Not everything involving biology is biomimetic. "Bio-utilization" is using parts of organisms as raw materials--whether it be a house made of wood, or a cancer drug made from horseshoe crab blood. "Bio-assistance" is the domestication of organisms--anything from herding sheep to using algae to make hydrogen for fuel cells. These strategies can also be used for green design, and are sometimes used in combination. For example, John Todd's "Living Machine" sewage treatment systems use live plants and microbes (bio-assistance) which are selected and arranged to imitate a natural ecosystem (biomimicry). Living Machines are not only more environmentally friendly than standard methods of sewage treatment, they turn what is normally a hidden eyesore into a vibrant greenhouse, and in some installations they have become centerpieces of the architecture. Genetically modified organisms are used for bio-assistance and bio-utilization. While they are often used to invent sketchy things like goats producing spider silk or glow-in-the-dark bunnies, they can also be used for green engineering. (Though even these applications sometimes fall into ethical grey areas.)

Biomimicry In The Future

In the coming decades, you will see more and more biomimicry, bio-assistance, and bio-utilization. As Kevin Kelly said in his book Out of Control,l"The world of the made will increasingly come to resemble the world of the born." The main obstacle historically has been that nature builds things radically differently than humans do--building from DNA upwards, gathering a few molecules at a time to self-assemble into larger structures; much of biology's best engineering happens at the nanoscale, with extraordinarily sophisticated organic chemistry. Traditional industry, by contrast, has made things using "heat, beat, and treat" methods, where a large block of raw material is cut away, bent, melted, cast, and otherwise manipulated until it achieves the desired form; industrial chemistry often happens at high temperatures and pressures which require huge energy inputs. Building in this way is inherently wasteful and resource-intensive, but so far it has been the only way we know to get things done, because it is simpler than biological building.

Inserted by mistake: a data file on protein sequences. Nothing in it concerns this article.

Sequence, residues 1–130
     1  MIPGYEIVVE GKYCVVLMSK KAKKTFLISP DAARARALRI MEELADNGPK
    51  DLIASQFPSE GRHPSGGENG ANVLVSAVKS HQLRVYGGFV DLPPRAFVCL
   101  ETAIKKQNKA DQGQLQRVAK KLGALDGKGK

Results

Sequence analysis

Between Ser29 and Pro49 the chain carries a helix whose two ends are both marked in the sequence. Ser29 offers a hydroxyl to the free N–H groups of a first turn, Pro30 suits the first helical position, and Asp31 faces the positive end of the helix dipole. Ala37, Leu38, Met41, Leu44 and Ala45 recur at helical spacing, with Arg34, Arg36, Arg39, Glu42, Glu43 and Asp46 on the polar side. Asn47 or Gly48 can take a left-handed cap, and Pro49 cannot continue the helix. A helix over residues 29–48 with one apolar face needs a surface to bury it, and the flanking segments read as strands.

Now, however, chemists are improving their grasp on the complex organic realm, where material can be built up a few molecules at a time in specific places, effectively growing material rather than having to cut it away. For instance, MIT researchers are attempting to grow batteries like abalone shells grow, and are using virus microbes to do it with.), and carbon nanotubes have been used to create self-assembling electronics (as well as a million other exciting things). Other researchers are learning how to get from nanoscale materials to macro-scale products, like the nanotube ribbon which can be produced at seven meters per minute. As our nanotech and biotech capabilities improve, it will become easier and easier to grow things rather than build them. Pollution regulations and growing awareness of resource scarcity are also starting to motivate industry to find non-toxic chemistry, which will drive people towards chemistry as nature does it--in water, at ambient temperature and pressure.

Those of you who are designers or engineers may be saying, "this is all very well, but how do you DO biomimicry?" That is another article in itself. Perhaps next week.